Tobacco Deal Offers Something for Everyone—Except the Smokers


Here is how White House adviser Rahm Emanuel describes the choice confronting members of Congress as they debate tobacco legislation this spring: "They can either stand shoulder to shoulder with corporate tobacco and their profits or protect our children and insure their health and safety."

From this gloss you would not guess that the Clinton administration is allied with "corporate tobacco" in pushing for legislation. Indeed, if Congress approves a package that resembles the deal proposed last summer by the cigarette companies and state attorneys general, it will offer something for just about everyone.

The industry will get protection against the vicissitudes of litigation and regulation. The politicians will get credit for saving the youth of America from Big Tobacco, plus money to pay for their favorite spending initiatives. The trial lawyers will get huge fees (the largest in history, even judging from the lowball estimates). Anti-smoking activists, public health officials, and researchers will get billions of dollars for "tobacco control" programs, including a $500-million-a-year ad campaign.

The only interested party that's been excluded from the negotiations is the one picking up the tab. In fact, the whole arrangement can be viewed as an indirect way of raising the cigarette tax-which happens to be one of the most regressive levies around, since the poor smoke more than the rich and devote a larger share of their income to the habit.

It's remarkable how readily so many liberals, who usually are keen on redistributing income from the top down, have accepted the idea that cabbies and waitresses should kick in an extra $1.50 a pack so a bunch of fat-cat plaintiffs' attorneys can buy yachts and vacation homes. The willingness to impose this burden on smokers-for their own good, of course-reflects the mixture of pity and hostility with which they are increasingly viewed.

On the one hand, advocates of tobacco legislation want to pretend they're punishing the evil cigarette makers, who trick people into smoking with clever advertising and trap them in a deadly habit before they're old enough to know better. On the other hand, the proposed deal not only allows but requires the tobacco companies to recover the cost of their payments by raising cigarette prices. We are told this will discourage consumption and force smokers to compensate the rest of us for the costs they supposedly impose on society.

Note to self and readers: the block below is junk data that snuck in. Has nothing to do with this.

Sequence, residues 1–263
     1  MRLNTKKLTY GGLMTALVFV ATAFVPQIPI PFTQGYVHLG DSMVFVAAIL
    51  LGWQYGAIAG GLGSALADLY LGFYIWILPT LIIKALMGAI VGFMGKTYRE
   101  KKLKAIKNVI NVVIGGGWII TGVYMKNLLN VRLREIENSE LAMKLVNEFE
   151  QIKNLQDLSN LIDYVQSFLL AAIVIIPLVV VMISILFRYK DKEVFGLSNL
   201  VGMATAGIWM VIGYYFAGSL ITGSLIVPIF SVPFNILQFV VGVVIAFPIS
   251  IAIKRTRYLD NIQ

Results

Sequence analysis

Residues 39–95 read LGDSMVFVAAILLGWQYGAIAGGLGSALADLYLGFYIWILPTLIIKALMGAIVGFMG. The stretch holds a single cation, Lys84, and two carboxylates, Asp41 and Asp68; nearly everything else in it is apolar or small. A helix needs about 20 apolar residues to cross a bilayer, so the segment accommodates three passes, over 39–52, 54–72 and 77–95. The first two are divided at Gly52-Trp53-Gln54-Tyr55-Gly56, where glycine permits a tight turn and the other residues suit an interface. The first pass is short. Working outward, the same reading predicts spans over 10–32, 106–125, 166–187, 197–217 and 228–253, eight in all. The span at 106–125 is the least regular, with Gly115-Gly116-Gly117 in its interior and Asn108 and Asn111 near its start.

So which is it? Are smokers victims of the tobacco companies, enslaved by nicotine at a tender age and deserving of sympathy rather than censure? Or are they reckless risk-takers, irresponsibly forcing other people to pay for the consequences of their behavior? Is nicotine irresistible and inescapable, or is it something you can take or leave, depending upon the price?

Tobacco's opponents want to have it both ways. Defending regulation of the industry by the Food and Drug Administration, then-FDA Commissioner David Kessler said "most smokers are in effect deprived of the choice to stop smoking." Defending bans on smoking outside the home, former Surgeon General C. Everett Koop insisted that "smoking is a voluntary act: one does not have to smoke if one does not want to."

Deep down, people like Koop and Kessler probably recognize that smoking is a choice; it's just not a choice they understand or respect. Hence the effort to infantilize smokers. Kessler says they are suffering from a "a pediatric disease." Ads sponsored by the National Center for Tobacco-Free Kids announce, "Every Day, Without Action on Tobacco, 1,000 Kids Will Die Early." More than 90 percent of smokers are adults, and if they die from their habit, it's only after they've been puffing away for many years. "Kids" do not get lung cancer. The implicit message is that smokers should be treated like kids, immature beings who need to be protected from their own foolishness.

Tobacco's opponents view smoking as fundamentally irrational. From a "public health" perspective, which focuses on minimizing morbidity and mortality, the decision to accept long-term risks in exchange for short-term benefits, to trade longevity for pleasure, simply does not make sense. We should think long and hard before we allow that perspective to dictate national policy. If the government has the authority to discourage behavior that might lead to disease or injury, there is no end to the interference that could be justified in the name of public health.